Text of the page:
The Paradox of Platform

Seeking Balance in a World of Self-Promotion


I bit the inside of my cheek nervously as he scrolled through my Instagram feed. I’d spent months preparing for this writers’ conference. I’d designed the perfect one-sheet, labored endless hours over my book proposal. I’d buffed up my website and agonized over a tagline, but the literary agent sitting across from me was more interested in how many Instagram followers I had.


“Huh . . . six hundred,” he mumbled as he liked a photo and then, graciously, followed me.


“Uh, yeah,” I squirmed. It sounded like a lot, but I knew it really wasn’t. “Would you like to see my first chapter?”


“Nah, you’re published. I know you can write.”


I clutched my papers tightly in my lap as we continued to talk numbers. Number of sales, number of followers, number of subscribers, numbers, numbers, numbers. We never got around to talking about the concept for my next novel.


Now, before I go farther, I want to insert a caveat. This agent was nice. He really was. As uncomfortable as I felt during our meeting, I could tell he was genuinely trying to help me and was interested in my success. And I gleaned a lot from him. But it left me wondering . . .

Is it really all about platform?

Any content creator knows the struggle between producing work and building platform. Whether you’re a writer, artist, or photographer, it seems half the battle is getting the word out. In fact, they say the breakdown is something like 80 percent platform building and 20 percent content crafting. Yikes! I’m not a social media expert, but in my gut these numbers seem lopsided.


It goes back to the tension between quantity and quality. There has to be a middle ground, but how can we achieve that beautiful balance between organic engagement and intentional growth, between commitment to content and promotion? Especially if we consider ourselves Christian communicators, how do we manage writing from a distinctly Christian worldview—one that upholds humility and grace—while aggressively growing our audience to get that grace-filled message “out there”?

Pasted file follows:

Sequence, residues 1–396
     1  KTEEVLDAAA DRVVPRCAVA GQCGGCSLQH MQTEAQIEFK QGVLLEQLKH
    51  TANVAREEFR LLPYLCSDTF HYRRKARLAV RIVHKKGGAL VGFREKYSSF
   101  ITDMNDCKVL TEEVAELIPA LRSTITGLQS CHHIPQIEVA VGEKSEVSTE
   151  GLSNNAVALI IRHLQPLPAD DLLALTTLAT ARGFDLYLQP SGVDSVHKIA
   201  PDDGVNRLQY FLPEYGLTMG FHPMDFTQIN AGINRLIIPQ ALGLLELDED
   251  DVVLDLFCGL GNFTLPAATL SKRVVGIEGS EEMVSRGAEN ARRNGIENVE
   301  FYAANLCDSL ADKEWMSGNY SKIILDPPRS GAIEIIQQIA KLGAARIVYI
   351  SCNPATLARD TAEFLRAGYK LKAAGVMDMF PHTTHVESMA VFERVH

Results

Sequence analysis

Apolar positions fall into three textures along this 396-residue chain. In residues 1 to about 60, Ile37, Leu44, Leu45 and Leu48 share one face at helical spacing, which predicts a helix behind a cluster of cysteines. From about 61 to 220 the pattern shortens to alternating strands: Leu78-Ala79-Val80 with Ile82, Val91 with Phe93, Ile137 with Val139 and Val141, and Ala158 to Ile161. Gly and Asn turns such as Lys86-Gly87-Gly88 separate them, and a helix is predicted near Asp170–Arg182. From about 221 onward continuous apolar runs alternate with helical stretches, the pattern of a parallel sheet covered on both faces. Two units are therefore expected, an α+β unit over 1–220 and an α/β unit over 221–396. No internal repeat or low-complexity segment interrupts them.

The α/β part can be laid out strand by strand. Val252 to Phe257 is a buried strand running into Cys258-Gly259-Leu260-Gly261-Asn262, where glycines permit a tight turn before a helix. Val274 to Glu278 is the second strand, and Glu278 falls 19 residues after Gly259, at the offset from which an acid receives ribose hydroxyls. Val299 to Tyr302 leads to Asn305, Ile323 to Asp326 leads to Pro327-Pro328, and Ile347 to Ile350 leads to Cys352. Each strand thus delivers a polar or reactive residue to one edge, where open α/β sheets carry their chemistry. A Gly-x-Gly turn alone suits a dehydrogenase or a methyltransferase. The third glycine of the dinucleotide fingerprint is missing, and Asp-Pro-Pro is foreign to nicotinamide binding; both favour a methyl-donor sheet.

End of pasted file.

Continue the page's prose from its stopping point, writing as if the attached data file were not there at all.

It’s a paradox, I tell you! A paradox!

All of this is freshly brewing in my mind, and I don’t have any firm answers to these questions. (Are there any firm answers?) However, I’ve landed on a few takeaways:

  • First of all, this struggle between message and platform is a natural part of the process. Navigating these waters means being okay living in the tension that is inherent with this kind of work. It’s a balancing act that will look different for each person. The important thing is to keep from tilting too heavily on either side of the seesaw. For example, it’d be rather easy for me to focus solely on content. My tendency is to hole up and create, refine, and polish, but to stop there would be a disservice to my message. If I truly believe in what I’m writing, shouldn’t I also promote it so that it can impact as many people as possible?

  • On the other hand, we can’t afford to get too wrapped up in platform. This is shifting ground, folks. It’s the rare person who can focus heavily on their public imagine without needing to consistently struggle with such things as people pleasing, pride, and neglect of real-life relationships. I’ve walked through all of the above and have had to check my mind, heart, and motives on many occasions. The moment “more” becomes an idol or our source of identity, we need to press pause. This side of the seesaw needs to be handled with discernment.

  • Lastly—some things I’m exhorting myself and fellow communicators: When we approach platform, let’s work smarter, not harder. Let’s handle it with intention, not reaction. Let’s approach it with a plan and with a time limit. Let’s set up hedges of protection so that our relationships, our writing, and our hearts do not suffer.

I’m reminding myself that it’s more important to be the right person than to appear as the right person. A big platform isn’t the enemy, but it also shouldn’t necessarily be the goal! Instead, let’s aim to simply steward our gifts well. In light of this, I’m committing to two things:

  1. Do what I can with the message I have.

  2. Trust God alone for the increase.

Will you join me, friend?

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© 2020 by Heather Kaufman